Unpaid Trainees and Pre-Employment
New York Brokers’ Rights Attorneys
In the financial industry, unpaid interns and “trainees” are used to solicit business through cold calls. Here, a common pattern emerges: trainees are expected to work five days a week for up to as much as sixty hours a week without being paid for months at a time. Often, brokerage firms and companies do not record or track the hours trainees work – there are no sign-in sheets, punch cards, or invoices filled out. Even so, trainees are expected to attend daily meetings as part of their preparation for selling certain kinds of financial products over the phone.
The promise often made here – but seldom fulfilled – is that, if a trainee earns a certain quota of sales during his or her training period, he or she will be hired as a paid broker sometime in the future.
Unpaid Trainees and Violation of the Fair Labor Standards Act
Companies that use trainees in this way, however, are potentially in violation of the Fair Labor Standards Act (FLSA) since trainees are required to work without being properly paid. What is at issue here is FLSA Section 16(b), 29 U.S.C. § 216(b), as it pertains to minimum wage requirements and the withholding of wages by an employer. Under the FLSA, there are certain requirements that classify employers as non-exempt and exempt from the minimum wage requirements of the FLSA. Companies in the financial industry that use unpaid trainees in this way risk violating the FLSA.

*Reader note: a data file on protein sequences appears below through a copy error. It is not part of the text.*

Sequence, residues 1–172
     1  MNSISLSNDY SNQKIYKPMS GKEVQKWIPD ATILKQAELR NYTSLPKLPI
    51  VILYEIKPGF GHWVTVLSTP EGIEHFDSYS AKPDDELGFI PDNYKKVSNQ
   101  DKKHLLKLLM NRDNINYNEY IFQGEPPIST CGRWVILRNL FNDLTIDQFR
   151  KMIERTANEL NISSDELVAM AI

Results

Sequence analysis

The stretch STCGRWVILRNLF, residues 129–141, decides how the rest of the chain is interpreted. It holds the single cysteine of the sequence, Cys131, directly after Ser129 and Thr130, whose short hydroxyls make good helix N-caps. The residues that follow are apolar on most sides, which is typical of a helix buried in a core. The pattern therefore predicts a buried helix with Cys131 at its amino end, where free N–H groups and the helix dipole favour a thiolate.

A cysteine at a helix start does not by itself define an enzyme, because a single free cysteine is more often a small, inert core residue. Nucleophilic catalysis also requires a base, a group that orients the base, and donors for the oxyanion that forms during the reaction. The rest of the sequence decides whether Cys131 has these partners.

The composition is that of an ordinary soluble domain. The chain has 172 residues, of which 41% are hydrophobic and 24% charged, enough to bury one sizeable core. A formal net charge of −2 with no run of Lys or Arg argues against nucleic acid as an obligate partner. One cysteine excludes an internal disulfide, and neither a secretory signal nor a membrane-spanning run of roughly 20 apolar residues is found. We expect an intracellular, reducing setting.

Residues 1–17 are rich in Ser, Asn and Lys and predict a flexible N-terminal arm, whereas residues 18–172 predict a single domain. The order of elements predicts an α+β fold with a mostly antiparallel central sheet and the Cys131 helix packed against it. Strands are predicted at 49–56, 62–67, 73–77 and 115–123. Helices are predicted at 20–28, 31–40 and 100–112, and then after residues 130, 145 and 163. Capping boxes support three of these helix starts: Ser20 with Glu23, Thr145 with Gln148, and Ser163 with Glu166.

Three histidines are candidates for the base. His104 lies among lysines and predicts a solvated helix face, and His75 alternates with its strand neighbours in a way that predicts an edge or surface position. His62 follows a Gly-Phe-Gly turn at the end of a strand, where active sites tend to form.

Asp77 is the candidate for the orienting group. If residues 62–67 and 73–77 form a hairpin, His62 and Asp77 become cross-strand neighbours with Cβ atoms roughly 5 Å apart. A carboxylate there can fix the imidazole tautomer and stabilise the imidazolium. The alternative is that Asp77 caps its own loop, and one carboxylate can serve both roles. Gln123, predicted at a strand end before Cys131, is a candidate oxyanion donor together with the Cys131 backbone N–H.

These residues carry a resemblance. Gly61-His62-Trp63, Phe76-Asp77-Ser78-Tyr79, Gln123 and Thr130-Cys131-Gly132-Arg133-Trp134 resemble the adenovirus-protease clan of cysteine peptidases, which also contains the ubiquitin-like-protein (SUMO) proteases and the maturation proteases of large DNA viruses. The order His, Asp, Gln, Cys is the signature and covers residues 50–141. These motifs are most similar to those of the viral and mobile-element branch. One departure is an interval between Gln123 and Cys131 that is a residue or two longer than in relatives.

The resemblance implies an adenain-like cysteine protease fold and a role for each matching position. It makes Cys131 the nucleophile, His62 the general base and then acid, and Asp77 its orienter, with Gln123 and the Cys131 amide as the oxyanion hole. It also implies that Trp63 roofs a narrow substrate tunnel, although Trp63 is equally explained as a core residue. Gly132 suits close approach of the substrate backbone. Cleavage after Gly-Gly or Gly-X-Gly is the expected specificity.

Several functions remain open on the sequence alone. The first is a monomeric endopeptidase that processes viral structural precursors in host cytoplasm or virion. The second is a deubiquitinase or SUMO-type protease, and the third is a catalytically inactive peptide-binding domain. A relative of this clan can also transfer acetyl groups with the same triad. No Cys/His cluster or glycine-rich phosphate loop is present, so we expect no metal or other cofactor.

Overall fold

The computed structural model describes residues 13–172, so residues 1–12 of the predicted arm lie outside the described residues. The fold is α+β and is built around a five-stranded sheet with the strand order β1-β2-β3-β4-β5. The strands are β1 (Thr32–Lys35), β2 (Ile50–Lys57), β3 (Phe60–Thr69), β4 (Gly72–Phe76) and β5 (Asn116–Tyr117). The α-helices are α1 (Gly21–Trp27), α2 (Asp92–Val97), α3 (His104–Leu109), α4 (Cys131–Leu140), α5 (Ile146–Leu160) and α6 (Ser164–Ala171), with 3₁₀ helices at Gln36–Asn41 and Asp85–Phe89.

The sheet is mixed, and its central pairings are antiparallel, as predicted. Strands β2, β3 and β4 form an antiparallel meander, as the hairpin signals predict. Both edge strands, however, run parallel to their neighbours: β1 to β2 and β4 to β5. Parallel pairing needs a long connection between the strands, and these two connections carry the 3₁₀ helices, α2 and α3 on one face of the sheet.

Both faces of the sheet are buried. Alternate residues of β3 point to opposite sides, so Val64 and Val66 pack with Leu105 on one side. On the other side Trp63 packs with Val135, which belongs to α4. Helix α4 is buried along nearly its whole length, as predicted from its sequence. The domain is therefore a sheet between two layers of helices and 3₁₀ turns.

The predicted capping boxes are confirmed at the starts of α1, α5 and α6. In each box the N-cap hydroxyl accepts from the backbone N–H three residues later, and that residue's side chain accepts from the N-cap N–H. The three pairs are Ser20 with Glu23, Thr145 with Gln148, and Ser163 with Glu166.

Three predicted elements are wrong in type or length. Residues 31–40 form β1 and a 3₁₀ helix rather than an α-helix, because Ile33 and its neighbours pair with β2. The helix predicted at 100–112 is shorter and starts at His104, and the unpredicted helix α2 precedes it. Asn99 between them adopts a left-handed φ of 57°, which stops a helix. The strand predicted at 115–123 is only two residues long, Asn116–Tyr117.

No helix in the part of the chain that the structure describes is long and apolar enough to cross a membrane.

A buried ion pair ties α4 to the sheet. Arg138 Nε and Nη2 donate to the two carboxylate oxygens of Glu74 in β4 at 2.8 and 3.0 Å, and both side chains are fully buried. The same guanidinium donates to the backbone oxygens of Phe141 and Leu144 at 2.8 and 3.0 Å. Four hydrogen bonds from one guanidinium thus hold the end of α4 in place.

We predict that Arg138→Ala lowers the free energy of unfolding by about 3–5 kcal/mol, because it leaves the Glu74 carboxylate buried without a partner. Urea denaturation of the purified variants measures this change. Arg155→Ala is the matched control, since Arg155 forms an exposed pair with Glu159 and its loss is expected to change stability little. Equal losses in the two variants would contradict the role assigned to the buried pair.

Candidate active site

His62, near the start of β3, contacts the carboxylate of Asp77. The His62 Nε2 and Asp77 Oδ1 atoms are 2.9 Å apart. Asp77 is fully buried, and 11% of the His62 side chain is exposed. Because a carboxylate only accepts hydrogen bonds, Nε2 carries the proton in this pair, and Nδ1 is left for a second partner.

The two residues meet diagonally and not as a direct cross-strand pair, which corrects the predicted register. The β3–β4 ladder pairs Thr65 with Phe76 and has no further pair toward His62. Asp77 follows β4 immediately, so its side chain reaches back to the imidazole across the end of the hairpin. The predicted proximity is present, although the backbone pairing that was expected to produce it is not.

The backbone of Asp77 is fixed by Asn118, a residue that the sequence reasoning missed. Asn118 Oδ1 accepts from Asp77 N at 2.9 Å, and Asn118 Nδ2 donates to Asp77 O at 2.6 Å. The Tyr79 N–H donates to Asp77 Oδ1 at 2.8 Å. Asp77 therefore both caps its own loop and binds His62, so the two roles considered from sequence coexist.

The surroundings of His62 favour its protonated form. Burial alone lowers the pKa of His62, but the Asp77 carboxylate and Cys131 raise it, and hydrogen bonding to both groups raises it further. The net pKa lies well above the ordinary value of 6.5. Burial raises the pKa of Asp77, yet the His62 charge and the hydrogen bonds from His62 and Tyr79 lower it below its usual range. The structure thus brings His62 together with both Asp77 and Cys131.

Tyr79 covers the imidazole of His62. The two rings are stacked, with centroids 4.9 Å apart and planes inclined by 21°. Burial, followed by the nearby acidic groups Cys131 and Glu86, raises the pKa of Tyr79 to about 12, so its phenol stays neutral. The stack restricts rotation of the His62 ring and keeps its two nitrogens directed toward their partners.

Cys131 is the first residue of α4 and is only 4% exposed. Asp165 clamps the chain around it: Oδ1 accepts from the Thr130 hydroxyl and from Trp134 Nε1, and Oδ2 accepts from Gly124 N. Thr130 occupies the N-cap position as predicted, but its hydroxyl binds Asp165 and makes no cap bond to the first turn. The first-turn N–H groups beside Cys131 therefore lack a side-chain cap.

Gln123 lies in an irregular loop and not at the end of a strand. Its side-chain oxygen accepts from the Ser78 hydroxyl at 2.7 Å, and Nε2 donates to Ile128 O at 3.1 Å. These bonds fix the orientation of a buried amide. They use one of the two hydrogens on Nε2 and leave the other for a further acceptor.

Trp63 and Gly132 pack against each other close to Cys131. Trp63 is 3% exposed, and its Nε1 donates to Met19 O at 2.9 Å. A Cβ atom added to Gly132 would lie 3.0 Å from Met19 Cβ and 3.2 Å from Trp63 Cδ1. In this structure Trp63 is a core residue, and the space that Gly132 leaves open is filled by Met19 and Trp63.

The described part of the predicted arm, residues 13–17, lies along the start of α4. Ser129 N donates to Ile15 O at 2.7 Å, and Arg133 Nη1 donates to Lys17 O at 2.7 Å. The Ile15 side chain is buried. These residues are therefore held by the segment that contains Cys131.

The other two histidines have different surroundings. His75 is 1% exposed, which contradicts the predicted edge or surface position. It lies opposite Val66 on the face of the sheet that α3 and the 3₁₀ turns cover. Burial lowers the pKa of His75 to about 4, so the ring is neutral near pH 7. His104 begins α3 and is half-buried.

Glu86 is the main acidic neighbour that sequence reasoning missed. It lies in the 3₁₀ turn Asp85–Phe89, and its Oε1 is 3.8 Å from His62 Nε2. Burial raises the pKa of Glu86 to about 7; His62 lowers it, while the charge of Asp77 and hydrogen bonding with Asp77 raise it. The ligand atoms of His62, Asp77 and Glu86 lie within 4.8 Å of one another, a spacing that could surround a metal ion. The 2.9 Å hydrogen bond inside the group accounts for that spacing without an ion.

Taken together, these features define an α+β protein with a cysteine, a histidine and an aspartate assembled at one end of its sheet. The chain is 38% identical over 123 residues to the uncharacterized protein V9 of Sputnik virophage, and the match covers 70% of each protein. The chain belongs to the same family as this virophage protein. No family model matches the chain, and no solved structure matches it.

Contracts and Skirting the FLSA
In order to sell certain financial products, a broker must be licensed and registered with the Financial Industry Regulatory Authority. Brokerage firms and companies typically try to avoid the requirements of the FLSA by arguing that, since trainees are not licensed or registered, they cannot sell certain financial products to customers. As a result, they are not paid a commission. If during a cold call a customer chooses to purchase a product, trainees must transfer the call to a licensed broker and typically do not receive any portion of the commission earned as a result.
Contact Leeds Brown New York Brokers’ Rights Attorneys
If you have worked as an unpaid trainee for a brokerage firm or company, contact brokerage rights attorneys at Leeds Brown today to learn how we can help you. Depending on the circumstances of your situation, you may be eligible for unpaid wages and compensatory damages. Call Leeds Brown today to discuss your case with one of our brokers’ rights attorneys so we can begin the process of helping you recover financially what is owed you under the law.